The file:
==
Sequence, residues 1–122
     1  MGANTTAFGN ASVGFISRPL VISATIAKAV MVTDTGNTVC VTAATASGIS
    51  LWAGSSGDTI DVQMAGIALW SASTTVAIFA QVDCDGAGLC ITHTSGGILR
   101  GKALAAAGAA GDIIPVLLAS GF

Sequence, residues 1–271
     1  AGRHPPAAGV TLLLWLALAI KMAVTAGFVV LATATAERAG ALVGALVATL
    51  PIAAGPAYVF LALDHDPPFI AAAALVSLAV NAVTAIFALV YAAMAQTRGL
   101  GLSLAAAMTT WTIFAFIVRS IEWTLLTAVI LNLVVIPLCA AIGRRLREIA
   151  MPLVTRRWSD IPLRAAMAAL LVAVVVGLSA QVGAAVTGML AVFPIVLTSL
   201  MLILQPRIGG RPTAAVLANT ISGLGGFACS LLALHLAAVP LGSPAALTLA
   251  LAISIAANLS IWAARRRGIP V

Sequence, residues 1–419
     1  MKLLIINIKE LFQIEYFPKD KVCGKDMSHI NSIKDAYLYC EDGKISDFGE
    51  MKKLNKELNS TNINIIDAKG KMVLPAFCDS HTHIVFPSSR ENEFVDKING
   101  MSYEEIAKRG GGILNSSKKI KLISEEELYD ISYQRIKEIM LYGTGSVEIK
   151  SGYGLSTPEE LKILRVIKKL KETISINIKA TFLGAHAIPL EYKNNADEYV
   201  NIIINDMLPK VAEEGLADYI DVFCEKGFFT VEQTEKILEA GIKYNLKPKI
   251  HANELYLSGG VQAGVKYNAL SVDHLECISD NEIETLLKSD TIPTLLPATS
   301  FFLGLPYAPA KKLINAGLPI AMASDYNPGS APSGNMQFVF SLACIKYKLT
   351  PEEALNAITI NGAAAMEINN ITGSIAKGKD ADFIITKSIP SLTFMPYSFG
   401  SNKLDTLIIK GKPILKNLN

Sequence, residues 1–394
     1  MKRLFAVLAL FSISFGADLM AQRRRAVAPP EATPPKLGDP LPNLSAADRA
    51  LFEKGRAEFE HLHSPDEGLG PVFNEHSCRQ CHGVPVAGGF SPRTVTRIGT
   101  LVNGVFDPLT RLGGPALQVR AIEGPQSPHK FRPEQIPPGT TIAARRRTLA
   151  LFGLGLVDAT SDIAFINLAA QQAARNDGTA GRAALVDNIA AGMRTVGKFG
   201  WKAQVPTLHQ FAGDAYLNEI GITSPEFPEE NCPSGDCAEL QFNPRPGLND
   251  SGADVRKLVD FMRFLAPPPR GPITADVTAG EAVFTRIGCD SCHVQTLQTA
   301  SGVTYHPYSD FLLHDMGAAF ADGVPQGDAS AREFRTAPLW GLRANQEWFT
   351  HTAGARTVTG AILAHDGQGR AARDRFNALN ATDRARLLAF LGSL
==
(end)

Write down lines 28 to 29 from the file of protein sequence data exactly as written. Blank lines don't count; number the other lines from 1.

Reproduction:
   251  SGADVRKLVD FMRFLAPPPR GPITADVTAG EAVFTRIGCD SCHVQTLQTA
   301  SGVTYHPYSD FLLHDMGAAF ADGVPQGDAS AREFRTAPLW GLRANQEWFT